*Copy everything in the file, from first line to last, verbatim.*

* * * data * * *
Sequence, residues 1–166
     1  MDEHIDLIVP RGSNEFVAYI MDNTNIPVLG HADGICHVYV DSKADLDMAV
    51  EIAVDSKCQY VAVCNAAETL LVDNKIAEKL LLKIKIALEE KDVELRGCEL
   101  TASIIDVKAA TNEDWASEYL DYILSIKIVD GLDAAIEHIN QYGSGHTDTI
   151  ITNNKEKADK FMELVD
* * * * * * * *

Sequence, residues 1–166
     1  MDEHIDLIVP RGSNEFVAYI MDNTNIPVLG HADGICHVYV DSKADLDMAV
    51  EIAVDSKCQY VAVCNAAETL LVDNKIAEKL LLKIKIALEE KDVELRGCEL
   101  TASIIDVKAA TNEDWASEYL DYILSIKIVD GLDAAIEHIN QYGSGHTDTI
   151  ITNNKEKADK FMELVD